As usual, Apple’s newest creation has produced opinions. The rhetoric of those for and against it is predictably strong and, occasionally, ridiculous. I don’t care to add my voice to the din. My attention is more fixated on the fact that if the iPad is successful, we’ll have to say goodbye to a whole host of assumptions as we say “hello” to a new era of touch computing. What does this mean for web designers?
Goodbye Mouse, Hello Hands
How much of your site depends on mouse hover states? Hopefully none, if you’re committed to accessibility. But, chances are there are parts that labour under the assumption that everyone is—and always will be—using a mouse. If touch computing replaces the mouse + keyboard paradigm that’s dominant today, there’s going to be a lot of scurrying to retrofit websites to be usable by folks getting their hands on your site. I know that I’m not going to make anything rely on mouse hover states from here on out.
But that’s merely a technical hurdle. There’s a fundamental difference between an interaction with your screen mediated by a mouse and reaching out and touching something. Your website will no longer have clicks; it will have users touching, pinching, swiping, rotating. In short, the touch experience is flush with potential for a richer, more textured interaction paradigm in our websites. Touch might be as large a paradigm shift beyond today’s web as the web has been over print.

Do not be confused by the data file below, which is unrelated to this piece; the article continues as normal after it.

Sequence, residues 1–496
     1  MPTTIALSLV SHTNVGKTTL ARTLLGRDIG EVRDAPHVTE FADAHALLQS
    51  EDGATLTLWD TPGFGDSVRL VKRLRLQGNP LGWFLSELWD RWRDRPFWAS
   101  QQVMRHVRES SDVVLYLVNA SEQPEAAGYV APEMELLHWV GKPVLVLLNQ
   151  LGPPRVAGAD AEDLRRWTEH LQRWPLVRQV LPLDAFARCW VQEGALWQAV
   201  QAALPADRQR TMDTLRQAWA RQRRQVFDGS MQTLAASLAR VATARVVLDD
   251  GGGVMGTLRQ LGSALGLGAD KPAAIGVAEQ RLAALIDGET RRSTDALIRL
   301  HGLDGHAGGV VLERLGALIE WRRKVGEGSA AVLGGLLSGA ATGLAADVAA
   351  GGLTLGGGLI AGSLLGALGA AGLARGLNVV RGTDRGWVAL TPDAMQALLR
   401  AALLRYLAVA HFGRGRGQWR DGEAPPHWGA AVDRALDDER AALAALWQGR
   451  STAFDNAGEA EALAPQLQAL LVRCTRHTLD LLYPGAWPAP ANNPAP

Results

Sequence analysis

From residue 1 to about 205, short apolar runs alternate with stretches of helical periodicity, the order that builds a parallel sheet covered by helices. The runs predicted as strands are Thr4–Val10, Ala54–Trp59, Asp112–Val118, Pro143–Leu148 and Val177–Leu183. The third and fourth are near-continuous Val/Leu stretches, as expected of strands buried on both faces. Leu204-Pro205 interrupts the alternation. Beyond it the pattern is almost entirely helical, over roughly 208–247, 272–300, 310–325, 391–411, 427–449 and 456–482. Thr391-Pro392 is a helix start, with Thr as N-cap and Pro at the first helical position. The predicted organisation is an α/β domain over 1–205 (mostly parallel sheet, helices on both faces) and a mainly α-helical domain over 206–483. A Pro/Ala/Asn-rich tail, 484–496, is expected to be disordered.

Goodbye Landscape, Hello Portrait
Computer monitors have always had a landscape orientation. This has only become more prominent in recent years as we moved from ubiquitous 4:3 ratios to various widescreen formats. In short, we’ve had ample width and short heights. (Thus the religious wars over “the fold.”)
But here we have a 3:4 orientation. Portrait. Does portrait encourage vertical scanning instead of horizontal? What does it mean to relax about how high on the page our central content is? How many assumptions about how the web works do we have that are based on the landscape orientation?
You might wish to inform me that the screen can just as easily be used in landscape, but my money’s on people using it in portrait more often than not. But even that ability to choose has big implications for our assumptions about designing for the web.
Goodbye Flash, Hello Web Standards
More importantly, web standards can do 100% of the desirable things that Flash can do. Those technologies aren’t yet supported by every browser, but they are supported by Safari, and that’s all that matters here. And are you really going to miss those punch a monkey banner ads?
The two things preventing Flash’s demise are 1) momentum and 2) authoring tools. The former is shifting thanks to the iPhone and iPad, and the latter is bound to change.
Goodbye Fringe, Hello Mainstream
Browsing on the iPhone can be frustrating when the content you’re looking for is all Flash. Other times the site has simply been overly optimized for the desktop and/or Internet Explorer. Some may blame the device, but as the iPhone continues to grow and the iPad emerges, it’ll be business suicide to have a poor experience in the mobile sector. Let’s face it — users with enough money to spend on an iPhone and/or an iPad are exactly the types of people that most businesses want to appeal to.
In short, web designers who understand how to design good web experiences for these platforms will only become more sought after. And this just might allow me to justify an iPad as a business expense.